Disney characters are so beloved that it’s easy to forget they’re also commercial products, united by the marketing heft of a massive corporate entity. Their history is also riddled with culturally problematic representations, from the Middle Eastern stereotypes of “Aladdin” to the black crows of “Dumbo.” But such a skeptical reading is irrelevant to the appeal of “Life, Animated,” documentarian Roger Ross William’s straightforward but innately touching look at a young man with autism for whom Disney characters represent salvation from his condition. It’s the best Disney movie that Disney didn’t make.
Williams (who won an Oscar for his short “Music By Prudence”) follows up his look at homophobia in “God Loves Uganda” with a far more intimate project. Based on Pulitzer Prize-winning journalist Ron Suskind’s book, “Life, Animated” revolves around the plight facing Suskind’s autistic son Owen, who spent several years of his life without speaking before learning to communicate on his own through Disney cartoons. This inadvertent breakthrough, which arrived for the family just as they were losing hope in their son’s ability to make progress, perfectly suits the visual medium. Blending interviews and verite footage with bountiful Disney clips and animated sequenced produced by the independent studio Mac Guff, “Life, Animated” dips in and out of real life and Owen’s fantasies, representing its subject’s delicate world in much the same way that he experiences it.
Williams cuts between Ron Suskind’s account of his son finally learning to communicate and images of brightly expressive Disney staples — “The Little Mermaid” and “The Lion King” chief among them — to show how the movies’ expressive elements provide Owen with the ideal means of making the activity around him more tangible. It’s a fascinating psychological advancement that no amount of nineties-era brain science could have anticipated.
While Owen’s emergence from his internal life could fill an entire movie, it actually makes up just the first mesmerizing act of “Life, Animated,” which largely focuses on his young adulthood. It’s here that the college-aged Owen has emerged as a surprisingly eloquent, good-natured young man — still in throes of his disease but nevertheless figuring out methods of working through it. Williams’ camera watches as Owen leads thoughtful discussion groups with other autistic students (and cameos from “Aladdin” voice actors Gilbert Gottfried and Jonathan Freeman, who surface to help Owen restage a key scene). His assertiveness carries over into a romance with his girlfriend Emily, in an adorable subplot that ultimately snowballs into the tiniest semblance of drama during the movie’s final act.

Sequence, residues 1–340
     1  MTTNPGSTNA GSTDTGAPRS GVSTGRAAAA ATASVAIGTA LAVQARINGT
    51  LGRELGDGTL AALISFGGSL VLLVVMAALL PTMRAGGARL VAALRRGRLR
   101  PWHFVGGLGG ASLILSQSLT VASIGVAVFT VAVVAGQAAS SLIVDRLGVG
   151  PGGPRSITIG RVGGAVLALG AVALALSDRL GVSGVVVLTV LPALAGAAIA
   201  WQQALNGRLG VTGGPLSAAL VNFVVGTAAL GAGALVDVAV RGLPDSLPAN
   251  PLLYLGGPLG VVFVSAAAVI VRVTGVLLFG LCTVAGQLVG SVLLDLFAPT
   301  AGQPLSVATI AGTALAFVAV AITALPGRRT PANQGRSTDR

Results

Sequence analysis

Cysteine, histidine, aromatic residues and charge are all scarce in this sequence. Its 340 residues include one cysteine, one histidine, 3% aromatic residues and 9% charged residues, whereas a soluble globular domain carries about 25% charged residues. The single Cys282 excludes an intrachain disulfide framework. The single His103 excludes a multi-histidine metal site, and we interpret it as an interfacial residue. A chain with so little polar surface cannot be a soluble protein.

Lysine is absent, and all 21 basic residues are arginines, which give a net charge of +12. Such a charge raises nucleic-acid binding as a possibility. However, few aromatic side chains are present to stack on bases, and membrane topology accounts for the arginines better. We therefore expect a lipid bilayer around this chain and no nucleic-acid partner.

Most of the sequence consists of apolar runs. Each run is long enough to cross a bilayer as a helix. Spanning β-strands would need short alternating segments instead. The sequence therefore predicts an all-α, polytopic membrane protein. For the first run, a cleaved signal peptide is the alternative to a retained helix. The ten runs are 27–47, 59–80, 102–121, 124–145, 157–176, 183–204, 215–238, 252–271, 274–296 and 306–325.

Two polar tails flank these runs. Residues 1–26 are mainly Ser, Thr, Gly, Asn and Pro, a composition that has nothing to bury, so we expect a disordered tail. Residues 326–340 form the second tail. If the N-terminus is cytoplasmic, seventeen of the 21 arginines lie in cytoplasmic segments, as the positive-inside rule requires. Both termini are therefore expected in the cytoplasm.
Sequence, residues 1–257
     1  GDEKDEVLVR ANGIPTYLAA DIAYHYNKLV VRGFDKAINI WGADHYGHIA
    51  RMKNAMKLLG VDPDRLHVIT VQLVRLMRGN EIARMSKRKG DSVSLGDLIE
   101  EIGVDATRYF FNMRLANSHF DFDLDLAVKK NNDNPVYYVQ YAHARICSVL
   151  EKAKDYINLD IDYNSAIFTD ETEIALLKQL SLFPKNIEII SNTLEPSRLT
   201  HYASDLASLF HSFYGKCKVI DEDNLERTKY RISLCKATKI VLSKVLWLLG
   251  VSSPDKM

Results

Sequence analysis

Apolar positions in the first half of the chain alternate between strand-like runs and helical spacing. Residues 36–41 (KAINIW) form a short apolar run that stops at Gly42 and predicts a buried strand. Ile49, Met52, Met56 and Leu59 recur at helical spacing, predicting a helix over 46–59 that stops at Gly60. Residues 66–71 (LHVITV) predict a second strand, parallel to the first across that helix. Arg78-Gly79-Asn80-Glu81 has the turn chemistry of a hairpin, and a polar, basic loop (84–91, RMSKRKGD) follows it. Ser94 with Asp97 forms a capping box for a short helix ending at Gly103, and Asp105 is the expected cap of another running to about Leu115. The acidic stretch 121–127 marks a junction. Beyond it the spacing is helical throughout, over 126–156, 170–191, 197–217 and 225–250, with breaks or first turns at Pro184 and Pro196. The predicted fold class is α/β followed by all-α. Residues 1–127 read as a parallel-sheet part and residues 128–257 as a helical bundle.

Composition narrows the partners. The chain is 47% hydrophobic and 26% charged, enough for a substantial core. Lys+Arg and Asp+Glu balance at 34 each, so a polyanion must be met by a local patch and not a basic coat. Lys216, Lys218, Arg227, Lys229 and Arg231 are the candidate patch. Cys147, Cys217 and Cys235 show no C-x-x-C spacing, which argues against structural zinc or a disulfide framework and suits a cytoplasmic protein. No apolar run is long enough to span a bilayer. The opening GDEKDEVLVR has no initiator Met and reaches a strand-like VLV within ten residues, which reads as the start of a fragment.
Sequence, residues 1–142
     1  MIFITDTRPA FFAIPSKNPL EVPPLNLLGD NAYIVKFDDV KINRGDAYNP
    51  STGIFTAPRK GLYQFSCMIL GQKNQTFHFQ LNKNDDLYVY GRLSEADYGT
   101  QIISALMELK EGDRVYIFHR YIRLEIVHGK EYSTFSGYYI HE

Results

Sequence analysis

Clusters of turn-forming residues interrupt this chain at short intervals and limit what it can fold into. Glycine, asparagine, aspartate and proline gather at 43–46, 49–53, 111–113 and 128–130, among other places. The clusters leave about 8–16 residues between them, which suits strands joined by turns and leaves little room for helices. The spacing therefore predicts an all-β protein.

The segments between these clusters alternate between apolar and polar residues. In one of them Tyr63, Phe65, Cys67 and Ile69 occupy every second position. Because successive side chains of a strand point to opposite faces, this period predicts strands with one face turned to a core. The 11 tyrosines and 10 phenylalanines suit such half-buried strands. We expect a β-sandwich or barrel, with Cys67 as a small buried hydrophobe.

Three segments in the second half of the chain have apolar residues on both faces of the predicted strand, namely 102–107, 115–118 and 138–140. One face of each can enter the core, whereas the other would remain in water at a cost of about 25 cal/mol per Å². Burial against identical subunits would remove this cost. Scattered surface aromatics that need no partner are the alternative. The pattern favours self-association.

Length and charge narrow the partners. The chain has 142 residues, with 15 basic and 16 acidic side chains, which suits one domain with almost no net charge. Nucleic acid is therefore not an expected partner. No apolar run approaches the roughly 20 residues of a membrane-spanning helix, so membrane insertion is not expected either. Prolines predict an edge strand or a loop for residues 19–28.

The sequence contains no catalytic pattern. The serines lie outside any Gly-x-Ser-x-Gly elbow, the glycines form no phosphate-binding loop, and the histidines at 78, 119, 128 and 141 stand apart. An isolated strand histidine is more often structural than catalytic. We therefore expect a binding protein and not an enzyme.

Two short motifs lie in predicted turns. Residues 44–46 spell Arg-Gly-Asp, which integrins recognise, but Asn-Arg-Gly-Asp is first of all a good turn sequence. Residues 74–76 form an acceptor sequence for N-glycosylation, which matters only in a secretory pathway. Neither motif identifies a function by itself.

With the majority of complimentary interviews coming from Owen’s parents, “Life, Animated” doesn’t make any sweeping attempts to explore the broader ramifications of Owen’s obsession or how it speaks to autism as a whole. Which is not to say that the narrative strains from that limited perspective. Owen’s sweet, innocent demeanor provides the movie with all the charm and touching qualities of the stories that he obsesses over.
“Life, Animated” mostly focuses on saluting its subject’s perseverance, but it also excels at clarifying how he sees his situation. Williams’ ace in the hole is the original animation, a mixture of black and white and lively colors that undulate with a dreamlike quality that speaks to Owen’s uneasy relationship to the world. These moments, which provide a recurring look at a story Owen wrote about Disney sidekicks, single-handedly outdo anything in Disney’s contemporary roster. (Cut together as a short on its own, the vibrant scenes might give Pixar a run for its money, too.)
While Owen finds his footing with Disney cartoons, his family does much of the heavy lifting. Aside from his parents, “Life, Animated” showcases the formidable efforts of Owen’s good-natured brother Walter, who speaks to some of the more unorthodox challenges involved in aiding his sibling (such as trying to explain sex to a man whose main reference points are children’s stories). For Owen, whom Williams constantly observes muttering cartoonish voices to himself, the Disney universe is an alphabet for interpreting human emotions. Williams hardly overstates the Disney connection by regularly cutting away to Bambi and the Hunchback of Notre Dame to illustrate Owen’s struggles as he perceives them.
But “Life, Animated” gets particularly engaging when Owen speaks up for his concerns with greater nuance than any Disney classic could. “Why is life so full of unfair pain and tragedy?” he asks his mother, though in his gentle, unassuming way, he seems to understand that some questions have no easy answers — or clean happy endings. Whenever he expresses his individuality, the movie becomes more than just a sentimental look at learning to accept an irreversible condition. Disney is his life, but in his ability to apply it to broader ends, also a kind of prolonged art project. “Life, Animated” may be the best commercial Disney could ask for, but that’s only a side effect. The purity of Owen’s relationship to the material transforms it into something more powerful than the company itself could ever accomplish.
“Life, Animated” is now in limited release.